Cardiff University | Prifysgol Caerdydd ORCA
Online Research @ Cardiff 
WelshClear Cookie - decide language by browser settings

Spiritual wayfarers in a secular age: the Tablighi Jama'at in modern Britain

Timol, Riyaz 2017. Spiritual wayfarers in a secular age: the Tablighi Jama'at in modern Britain. PhD Thesis, Cardiff University.
Item availability restricted.

[img] PDF - Accepted Post-Print Version
Restricted to Repository staff only until 6 October 2022 due to copyright restrictions.
Available under License Creative Commons Attribution Non-commercial No Derivatives.

Download (5MB)
[img] PDF - Supplemental Material
Restricted to Repository staff only

Download (801kB)

Abstract

The Tablighi Jama'at (TJ) is widely regarded as the largest movement of grassroots Islamic revival in the world yet remains significantly under-researched. This thesis examines the British branch of the movement based on sustained ethnographic fieldwork conducted over 18 months. Intensive participant observation was combined with 59 semi-structured interviews to present a detailed typology and topography of the movement's organisational structure in Britain. Further, the issue of intergenerational transmission is explored – based on an analysis of the cultural identity markers of language, clothing and food – with clear shifts identified between the first-generation 'Old Guard' and the British-born 'Avant-Garde.' The thesis argues that TJ should best be characterised as a movement in transition located within broader processes of indigenisation operative within British Islam more generally. Theoretically, the thesis augments Berger and Luckmann's sociology of knowledge with insights derived from Bhaskar’s critical realism to propose the twin 'generative mechanisms' of secularity and spirituality from which empirically accessible social phenomena emerge. These are used to anatomise the process of 'intra-religious conversion' which emerges as a key motif of contemporary TJ experience. Turner's concept of liminality and Schutz's phenomenology of consciousness are further deployed to examine ritual and semantic dimensions of conversion that see the neophyte’s attachment to religion transition from a nominal to a passionate state. Generic theories in the sociology of religion are also consulted to explore issues of retention and post-conversion strategies of commitment-maintenance. Finally, utilising insights from Peter Berger’s vast oeuvre, the thesis explores the intersection of 'Islamic Revival' with secularisation theory in Europe. It argues that, in the context of contemporary ‘Eurosecularity,’ the willed and conscious exercise of agency in ways which publicly affirm faith is intrinsically imbued with a disconcerting ‘debunking’ potential for those who have unthinkingly imbibed into interior consciousness the taken-for-granted suppositions of a secular nomos.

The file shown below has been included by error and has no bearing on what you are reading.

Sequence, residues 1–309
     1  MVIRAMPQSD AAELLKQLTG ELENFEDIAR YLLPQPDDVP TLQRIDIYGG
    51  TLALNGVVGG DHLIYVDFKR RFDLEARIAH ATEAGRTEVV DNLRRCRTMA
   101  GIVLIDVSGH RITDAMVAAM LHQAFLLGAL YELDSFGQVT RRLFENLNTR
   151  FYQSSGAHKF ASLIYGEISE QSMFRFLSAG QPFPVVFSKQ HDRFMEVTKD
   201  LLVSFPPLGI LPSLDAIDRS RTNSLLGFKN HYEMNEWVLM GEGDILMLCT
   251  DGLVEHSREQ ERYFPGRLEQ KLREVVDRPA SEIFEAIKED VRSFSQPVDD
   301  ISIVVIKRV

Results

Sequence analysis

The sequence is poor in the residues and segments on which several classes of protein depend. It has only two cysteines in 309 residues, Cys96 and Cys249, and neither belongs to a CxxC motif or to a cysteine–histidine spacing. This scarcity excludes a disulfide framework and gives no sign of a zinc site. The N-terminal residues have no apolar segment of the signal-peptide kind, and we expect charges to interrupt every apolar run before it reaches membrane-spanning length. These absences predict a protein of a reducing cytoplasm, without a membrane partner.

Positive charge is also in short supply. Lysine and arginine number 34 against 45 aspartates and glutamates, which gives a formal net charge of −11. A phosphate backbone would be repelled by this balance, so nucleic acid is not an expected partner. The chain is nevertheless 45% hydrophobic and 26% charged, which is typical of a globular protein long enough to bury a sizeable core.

Item Type: Thesis (PhD)
Status: Unpublished
Schools: History, Archaeology and Religion
Subjects: B Philosophy. Psychology. Religion > BP Islam. Bahaism. Theosophy, etc
Uncontrolled Keywords: Tablighi Jama'at, Tabligh; Deoband, Deobandi; British Islam; British Muslims; British Muslim identity;Conversion, intra-religious conversion; Islamic revival; Islamic movements; Secularism, secularity, secularisation thesis; Peter Berger; Islam in Europe
Date of First Compliant Deposit: 21 September 2017
Last Modified: 12 Oct 2018 14:42
URI: http://orca-mwe.cf.ac.uk/id/eprint/104936

Actions (repository staff only)

Edit Item Edit Item

Downloads

Downloads per month over past year

View more statistics